to all properties damaged therein

Held: YES. All the provisions and riders taken and interpreted together, indubitably show the intention of the
parties to extend earthquake shock coverage to the two swimming pools only. An insurance premium is the
consideration paid an insurer for undertaking to indemnify the insured against a specified peril. In fire, casualty
and marine insurance, the premium becomes a debt as soon as the risk attaches. In the subject policy, no premium
payments were made with regard to earthquake shock coverage except on the two swimming pools. There is no
mention of any premium payable for the other resort properties with regard to earthquake shock. This is
consistent with the history of petitioner’s insurance policies with AHAC.
American Home Ass. Co. vs. Antonio Chua

FACTS:

On April 5, 1990 Antonio Chua renewed the fire insurance for its stock-in-trade of
his business, Moonlight Enterprises with American Home Assurance Companyby issuing
a check of P2,983.50 to its agent James Uy who delivered the Renewal Certificate to
him. On the next day, April 6, 1990 Moonlight Enterprises was completely razed by fire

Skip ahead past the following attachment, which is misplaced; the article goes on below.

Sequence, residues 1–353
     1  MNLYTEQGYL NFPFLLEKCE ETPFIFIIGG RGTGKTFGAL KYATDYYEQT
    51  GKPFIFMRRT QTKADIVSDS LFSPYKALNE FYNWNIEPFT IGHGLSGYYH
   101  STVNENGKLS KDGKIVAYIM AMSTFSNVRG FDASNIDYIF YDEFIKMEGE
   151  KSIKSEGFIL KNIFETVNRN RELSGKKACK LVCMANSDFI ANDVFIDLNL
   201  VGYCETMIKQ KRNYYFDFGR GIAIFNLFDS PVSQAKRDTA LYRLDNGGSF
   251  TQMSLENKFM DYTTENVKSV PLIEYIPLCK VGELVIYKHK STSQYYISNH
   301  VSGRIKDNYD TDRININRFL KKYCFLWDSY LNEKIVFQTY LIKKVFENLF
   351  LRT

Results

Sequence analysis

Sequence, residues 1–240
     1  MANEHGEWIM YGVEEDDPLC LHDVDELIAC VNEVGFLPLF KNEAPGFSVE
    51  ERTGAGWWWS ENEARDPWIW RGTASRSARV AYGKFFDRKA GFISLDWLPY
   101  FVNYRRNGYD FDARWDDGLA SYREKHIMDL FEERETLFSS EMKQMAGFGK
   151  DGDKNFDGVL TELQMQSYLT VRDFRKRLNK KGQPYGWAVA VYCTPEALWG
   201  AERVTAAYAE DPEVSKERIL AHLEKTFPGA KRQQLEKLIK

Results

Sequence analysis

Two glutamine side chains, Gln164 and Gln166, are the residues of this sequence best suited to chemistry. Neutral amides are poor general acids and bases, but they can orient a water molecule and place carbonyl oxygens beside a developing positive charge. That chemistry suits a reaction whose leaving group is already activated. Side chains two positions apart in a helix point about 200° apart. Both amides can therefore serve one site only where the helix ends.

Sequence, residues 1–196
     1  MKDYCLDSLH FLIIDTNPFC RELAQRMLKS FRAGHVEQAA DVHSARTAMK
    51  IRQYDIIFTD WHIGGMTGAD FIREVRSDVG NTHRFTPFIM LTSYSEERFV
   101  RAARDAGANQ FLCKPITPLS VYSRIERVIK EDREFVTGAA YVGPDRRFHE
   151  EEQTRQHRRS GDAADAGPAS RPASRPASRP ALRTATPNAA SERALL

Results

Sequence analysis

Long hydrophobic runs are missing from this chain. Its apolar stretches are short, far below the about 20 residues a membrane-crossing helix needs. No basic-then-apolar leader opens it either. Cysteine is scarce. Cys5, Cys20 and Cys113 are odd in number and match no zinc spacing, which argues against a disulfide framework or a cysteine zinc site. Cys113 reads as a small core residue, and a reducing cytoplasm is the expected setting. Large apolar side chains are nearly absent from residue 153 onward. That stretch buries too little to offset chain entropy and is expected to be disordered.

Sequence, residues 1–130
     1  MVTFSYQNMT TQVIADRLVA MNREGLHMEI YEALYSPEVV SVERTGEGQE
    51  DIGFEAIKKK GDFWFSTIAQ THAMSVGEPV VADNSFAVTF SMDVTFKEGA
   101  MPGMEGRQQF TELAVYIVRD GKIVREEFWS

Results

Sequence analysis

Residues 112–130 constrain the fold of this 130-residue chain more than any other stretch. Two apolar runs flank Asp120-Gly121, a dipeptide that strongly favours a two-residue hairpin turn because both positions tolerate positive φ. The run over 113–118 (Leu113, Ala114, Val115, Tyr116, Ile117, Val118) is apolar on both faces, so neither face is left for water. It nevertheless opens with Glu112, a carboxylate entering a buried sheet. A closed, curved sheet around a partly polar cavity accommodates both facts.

with an estimated loss of P4,000,000 to P5,000,000. An official receipt was issued on
April 10, 1990 and subsequently, a policy was issued covering March 25 1990
to March 25 1991. Antonio Chua filed an insurance claim with American Home and 4
other co-insurers (Pioneer Insurance and Surety Corporation, Prudential Guarantee and
Assurance, Inc. and Filipino Merchants Insurance Co) American Home refused alleging
the no premium was paid

RTC: favored Antonio Chua for paying by way of check a day before the fire occurred

CA: Affirmed

ISSUE:
1. W/N there was a valid payment of premium considering that the check was cashed
after the occurrence of the fire since the renewal certificate issued containing the
acknowledgement receipt
2. W/N Chua violated the policy by his submission of fraudulent documents and non-
disclosure of the other existing insurance contracts or “other insurance clause"

HELD:petition is partly GRANTED modified by deleting the awards of P200,000 for loss
of profit, P200,000 as moral damages and P100,000 as exemplary damages, and
reducing the award of attorney’s fees from P50,000 to P10,000

1. YES.

Section 77 of the Insurance Code:

An insurer is entitled to payment of the premium as soon as the thing insured is


exposed to the peril insured against. Notwithstanding any agreement to the contrary, no
policy or contract of insurance issued by an insurance company is valid and binding
unless and until the premium thereof has been paid, except in the case of life or an
industrial life policy whenever the grace period provision applies.

Section 66 of the Insurance Code:

Not applicable since not termination but renewal certificate issued contained the
acknowledgment that premium had been paid.
Section 306 of the Insurance Code:

provides that any insurance company which delivers a policy or contract of


insurance to an insurance agent or insurance broker shall be deemed to have authorized